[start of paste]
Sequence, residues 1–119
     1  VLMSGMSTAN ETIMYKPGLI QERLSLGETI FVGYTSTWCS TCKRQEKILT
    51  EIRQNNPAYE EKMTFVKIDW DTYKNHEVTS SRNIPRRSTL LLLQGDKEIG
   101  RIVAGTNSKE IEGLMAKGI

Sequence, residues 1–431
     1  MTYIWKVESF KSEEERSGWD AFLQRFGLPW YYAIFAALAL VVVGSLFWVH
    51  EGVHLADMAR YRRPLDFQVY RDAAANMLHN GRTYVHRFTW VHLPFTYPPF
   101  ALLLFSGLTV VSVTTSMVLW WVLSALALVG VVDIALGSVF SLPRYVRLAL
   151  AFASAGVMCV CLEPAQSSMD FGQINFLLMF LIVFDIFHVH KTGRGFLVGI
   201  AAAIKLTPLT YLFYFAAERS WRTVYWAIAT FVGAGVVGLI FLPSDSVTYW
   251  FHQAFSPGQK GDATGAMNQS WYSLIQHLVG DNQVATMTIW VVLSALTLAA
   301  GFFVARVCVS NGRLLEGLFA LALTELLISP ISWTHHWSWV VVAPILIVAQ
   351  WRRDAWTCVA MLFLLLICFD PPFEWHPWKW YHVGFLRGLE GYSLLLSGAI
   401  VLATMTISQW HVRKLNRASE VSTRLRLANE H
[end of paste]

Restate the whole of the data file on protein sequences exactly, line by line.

Sequence, residues 1–119
     1  VLMSGMSTAN ETIMYKPGLI QERLSLGETI FVGYTSTWCS TCKRQEKILT
    51  EIRQNNPAYE EKMTFVKIDW DTYKNHEVTS SRNIPRRSTL LLLQGDKEIG
   101  RIVAGTNSKE IEGLMAKGI

Sequence, residues 1–431
     1  MTYIWKVESF KSEEERSGWD AFLQRFGLPW YYAIFAALAL VVVGSLFWVH
    51  EGVHLADMAR YRRPLDFQVY RDAAANMLHN GRTYVHRFTW VHLPFTYPPF
   101  ALLLFSGLTV VSVTTSMVLW WVLSALALVG VVDIALGSVF SLPRYVRLAL
   151  AFASAGVMCV CLEPAQSSMD FGQINFLLMF LIVFDIFHVH KTGRGFLVGI
   201  AAAIKLTPLT YLFYFAAERS WRTVYWAIAT FVGAGVVGLI FLPSDSVTYW
   251  FHQAFSPGQK GDATGAMNQS WYSLIQHLVG DNQVATMTIW VVLSALTLAA
   301  GFFVARVCVS NGRLLEGLFA LALTELLISP ISWTHHWSWV VVAPILIVAQ
   351  WRRDAWTCVA MLFLLLICFD PPFEWHPWKW YHVGFLRGLE GYSLLLSGAI
   401  VLATMTISQW HVRKLNRASE VSTRLRLANE H